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Dominic John, Ohrid Organics:

“Growing in North Macedonia keeps our production costs very competitive”

“We have the largest licensed cannabis site in North Macedonia. We are GACP certified and are now starting the process of getting EU GMP certified,” says Dominic John, COO of Ohrid Organics. While the company is going through the certification process, they have been focusing their first years on producing CBD products for local offtake. “In North Macedonia, there is very little prescribing happening, and it’s not really a THC-dominant market.” Yet this is just an interim measure. The company has been making lots of changes recently to achieve its ultimate goal: growing high-quality THC strains for export at a low cost.

Investing in the facility
Ohrid Organics grows 800 meters above sea level in a 27,000-square-meter facility and four 340-square-meter greenhouses, one of which is an R&D greenhouse. Dominic’s family had a minority stake in the company and was pushing its local partners to invest more in the facility. “Our goal is to produce quality high-THC strains, but at a low cost. This is our focus because we’re in North Macedonia. One of the big appeals of growing in North Macedonia, apart from its great climate, is that the production costs are very low. The cost of land, labor, and taxes are all very low here,” Dominic explains.

When the company’s local partners were hesitant to invest more in the facility, Ohrid Organics was officially formed last year when Dominic’s family took ownership. “In the last 6 months, we’ve been able to make the changes that we wanted. First of all, we’ve invested in the new Fluence VYPR lights for our production greenhouse and the RAZR lights for our clone rooms. Moreover, we installed Dosatron systems to improve the nutrient delivery for the plants, as well as Danish-style irrigation tables. Before the plants were being fed on a system that didn’t allow for water collection, so this is a great upgrade,” Dominic says.

When it comes to post-harvest, there were also some changes made. “We were previously drying in freestanding drying cabinets, but we weren’t getting the quality results we were looking for. Now, we’ve invested in an integrated drying room from We’ve also moved from a wet trimming setup to dry trimming. All of these changes were made to improve our product quality.”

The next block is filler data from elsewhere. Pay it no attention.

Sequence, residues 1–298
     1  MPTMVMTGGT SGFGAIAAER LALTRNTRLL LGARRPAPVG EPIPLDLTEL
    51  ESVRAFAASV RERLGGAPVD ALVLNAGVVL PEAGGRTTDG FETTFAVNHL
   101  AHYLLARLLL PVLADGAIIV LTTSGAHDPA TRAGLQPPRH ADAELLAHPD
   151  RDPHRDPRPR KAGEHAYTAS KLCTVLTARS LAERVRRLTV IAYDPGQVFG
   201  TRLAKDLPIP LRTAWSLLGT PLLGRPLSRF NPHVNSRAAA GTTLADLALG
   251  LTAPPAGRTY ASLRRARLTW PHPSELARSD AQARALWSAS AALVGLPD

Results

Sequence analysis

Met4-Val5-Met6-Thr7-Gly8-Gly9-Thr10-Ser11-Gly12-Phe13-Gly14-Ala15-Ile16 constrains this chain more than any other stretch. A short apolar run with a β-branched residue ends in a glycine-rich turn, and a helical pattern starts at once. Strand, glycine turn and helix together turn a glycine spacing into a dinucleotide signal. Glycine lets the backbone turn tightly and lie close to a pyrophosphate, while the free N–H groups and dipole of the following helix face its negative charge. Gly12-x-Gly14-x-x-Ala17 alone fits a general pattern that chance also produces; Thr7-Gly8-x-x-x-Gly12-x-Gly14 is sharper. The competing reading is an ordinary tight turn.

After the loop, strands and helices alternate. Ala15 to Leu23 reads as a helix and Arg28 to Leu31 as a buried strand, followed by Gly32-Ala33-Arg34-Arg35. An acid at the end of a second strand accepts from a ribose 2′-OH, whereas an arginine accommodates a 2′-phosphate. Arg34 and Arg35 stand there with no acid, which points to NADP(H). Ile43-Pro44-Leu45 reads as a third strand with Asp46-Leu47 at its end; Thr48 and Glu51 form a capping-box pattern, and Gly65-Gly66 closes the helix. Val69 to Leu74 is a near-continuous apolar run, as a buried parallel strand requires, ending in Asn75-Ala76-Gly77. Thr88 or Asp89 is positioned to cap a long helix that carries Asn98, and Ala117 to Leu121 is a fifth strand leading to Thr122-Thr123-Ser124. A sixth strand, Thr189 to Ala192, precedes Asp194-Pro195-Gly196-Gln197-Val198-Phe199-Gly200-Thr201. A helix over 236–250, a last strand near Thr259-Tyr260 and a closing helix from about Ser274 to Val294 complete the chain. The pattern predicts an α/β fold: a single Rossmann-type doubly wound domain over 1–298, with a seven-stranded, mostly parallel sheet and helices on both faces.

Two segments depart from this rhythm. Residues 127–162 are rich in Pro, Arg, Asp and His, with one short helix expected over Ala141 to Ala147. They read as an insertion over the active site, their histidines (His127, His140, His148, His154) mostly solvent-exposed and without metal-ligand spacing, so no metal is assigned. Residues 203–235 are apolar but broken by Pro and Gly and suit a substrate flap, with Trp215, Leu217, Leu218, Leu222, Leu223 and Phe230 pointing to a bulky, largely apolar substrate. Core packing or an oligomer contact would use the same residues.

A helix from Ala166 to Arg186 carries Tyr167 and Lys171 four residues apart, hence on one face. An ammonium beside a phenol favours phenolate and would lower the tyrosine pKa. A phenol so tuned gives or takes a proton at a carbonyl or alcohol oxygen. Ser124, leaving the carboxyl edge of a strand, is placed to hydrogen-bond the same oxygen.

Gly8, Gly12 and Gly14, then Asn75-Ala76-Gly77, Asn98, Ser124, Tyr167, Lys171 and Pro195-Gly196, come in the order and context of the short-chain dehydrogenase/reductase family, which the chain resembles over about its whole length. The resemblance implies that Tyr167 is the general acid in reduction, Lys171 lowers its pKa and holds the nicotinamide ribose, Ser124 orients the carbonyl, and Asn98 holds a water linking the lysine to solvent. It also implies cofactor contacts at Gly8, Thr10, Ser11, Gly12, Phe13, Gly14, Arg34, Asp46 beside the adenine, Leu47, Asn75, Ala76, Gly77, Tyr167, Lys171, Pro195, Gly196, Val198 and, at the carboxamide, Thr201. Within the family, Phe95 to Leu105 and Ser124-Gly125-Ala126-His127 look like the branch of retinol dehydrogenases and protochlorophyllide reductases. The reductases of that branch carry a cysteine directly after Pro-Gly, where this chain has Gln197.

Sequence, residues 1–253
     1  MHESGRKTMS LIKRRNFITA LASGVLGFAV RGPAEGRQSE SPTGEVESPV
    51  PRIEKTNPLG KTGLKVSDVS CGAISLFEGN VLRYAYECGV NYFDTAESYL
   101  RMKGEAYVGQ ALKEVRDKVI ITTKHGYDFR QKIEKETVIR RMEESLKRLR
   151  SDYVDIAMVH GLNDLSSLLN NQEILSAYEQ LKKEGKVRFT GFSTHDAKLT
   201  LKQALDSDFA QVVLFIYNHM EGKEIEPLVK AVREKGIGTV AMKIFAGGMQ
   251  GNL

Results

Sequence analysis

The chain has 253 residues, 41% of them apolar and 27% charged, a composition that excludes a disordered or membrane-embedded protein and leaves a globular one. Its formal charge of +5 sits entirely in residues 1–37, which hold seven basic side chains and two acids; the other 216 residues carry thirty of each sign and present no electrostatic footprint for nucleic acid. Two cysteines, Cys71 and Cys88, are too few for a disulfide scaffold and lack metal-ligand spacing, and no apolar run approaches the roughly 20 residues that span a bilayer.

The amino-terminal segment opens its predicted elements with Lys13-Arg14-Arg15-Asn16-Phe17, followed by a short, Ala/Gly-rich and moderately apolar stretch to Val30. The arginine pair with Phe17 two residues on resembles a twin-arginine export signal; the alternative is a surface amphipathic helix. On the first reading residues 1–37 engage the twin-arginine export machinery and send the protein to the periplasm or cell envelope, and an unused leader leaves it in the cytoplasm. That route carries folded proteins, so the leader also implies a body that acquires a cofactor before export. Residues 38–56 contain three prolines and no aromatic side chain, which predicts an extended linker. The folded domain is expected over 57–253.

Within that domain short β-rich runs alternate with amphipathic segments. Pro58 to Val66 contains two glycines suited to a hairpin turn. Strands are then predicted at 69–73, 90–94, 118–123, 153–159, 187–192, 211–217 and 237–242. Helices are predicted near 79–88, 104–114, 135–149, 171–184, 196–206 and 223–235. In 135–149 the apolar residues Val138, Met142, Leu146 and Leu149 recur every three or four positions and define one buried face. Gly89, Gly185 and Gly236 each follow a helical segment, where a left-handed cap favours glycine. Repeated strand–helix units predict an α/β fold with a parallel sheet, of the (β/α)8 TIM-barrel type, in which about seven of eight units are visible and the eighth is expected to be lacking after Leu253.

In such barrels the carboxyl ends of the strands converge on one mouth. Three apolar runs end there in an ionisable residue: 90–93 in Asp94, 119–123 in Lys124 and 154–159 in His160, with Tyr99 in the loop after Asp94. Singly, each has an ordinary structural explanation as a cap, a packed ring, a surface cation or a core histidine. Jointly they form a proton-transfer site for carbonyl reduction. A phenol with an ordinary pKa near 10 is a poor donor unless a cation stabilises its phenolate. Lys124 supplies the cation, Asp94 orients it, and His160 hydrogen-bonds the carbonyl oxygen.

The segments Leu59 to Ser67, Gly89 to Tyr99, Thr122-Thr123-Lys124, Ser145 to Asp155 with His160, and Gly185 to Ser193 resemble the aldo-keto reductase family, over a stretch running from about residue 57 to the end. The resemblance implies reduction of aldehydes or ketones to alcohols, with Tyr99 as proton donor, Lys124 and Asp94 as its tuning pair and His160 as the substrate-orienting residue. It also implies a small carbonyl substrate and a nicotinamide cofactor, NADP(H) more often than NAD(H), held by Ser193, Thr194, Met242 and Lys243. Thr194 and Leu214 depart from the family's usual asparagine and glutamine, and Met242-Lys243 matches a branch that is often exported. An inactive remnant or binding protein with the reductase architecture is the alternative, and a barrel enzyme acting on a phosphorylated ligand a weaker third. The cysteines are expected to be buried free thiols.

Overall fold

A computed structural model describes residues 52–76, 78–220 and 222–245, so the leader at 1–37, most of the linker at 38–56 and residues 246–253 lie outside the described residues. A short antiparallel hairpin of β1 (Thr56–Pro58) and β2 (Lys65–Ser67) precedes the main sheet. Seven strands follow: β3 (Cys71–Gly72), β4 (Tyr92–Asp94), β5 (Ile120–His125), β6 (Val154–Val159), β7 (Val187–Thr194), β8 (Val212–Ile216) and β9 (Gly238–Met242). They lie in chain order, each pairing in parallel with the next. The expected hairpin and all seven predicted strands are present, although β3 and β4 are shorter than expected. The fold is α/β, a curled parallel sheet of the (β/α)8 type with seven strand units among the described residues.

Ohrid Organics received a Control Union Certification last year, which means that the company can now export into Israel. “In Israel, there are low barriers to being prescribed medical cannabis, as there are a lot of conditions that qualify. There is also not a race to the top in terms of potency because of the 24.5% THC limit. We think that works well for us, as we’re not a full indoor grower who’s looking to hit 30% THC. We believe the sweet spot for our product is in the 22-24% range, but with really good terpenes,” Dominic says.

Dominic explains that there is more and more evidence suggesting that terpenes have a real impact on the product’s therapeutic effect and the consumer’s enjoyment of the smoke. “The market is becoming more educated about this, and the level of terpenes is becoming more and more paramount to people. People will continue to become more interested in the overall balance of the product. And that’s exactly what we’re aiming for at Ohrid Organics.”

Ohrid Organics sees Israel as an attractive market for their products. “Their culture is very accepting of cannabis as a medicine. There’s lots of research going on in the country, and they’re looking for bag appeal and good quality terpenes. With that in mind, we just partnered up with Paradise Seeds. We’re about to start a phenohunt with 7 of their strains.”

North Macedonia
How is the market in North Macedonia doing? According to Dominic, some things have changed over the years. “When the legislation first came into force, about 60 licenses were issued. There are still licenses being issued now, but the requirements have changed. You no longer get your license in advance. You have to build your facility, have all the necessary personnel, and then you apply for a license. In theory, you should then get that license, but there is no guarantee. It’s quite a leap of faith for people to now be asked to take a lot of upfront investment.”

The Ministry of Health recently announced that of those 60 original licenses, 35 are no longer active. “I believe there are probably about a dozen that are actively growing now. But the majority of those are full indoor growers, so their CapEx and OpEx are much higher than ours. Those growers are aiming for a slightly different market than us, they need a higher price point for their products to make it work,” Dominic says. So, for Ohrid Organics, the North Macedonian market is not very competitive. “We believe we set ourselves apart by growing high quality for a low cost.”

For more information:
Ohrid Organics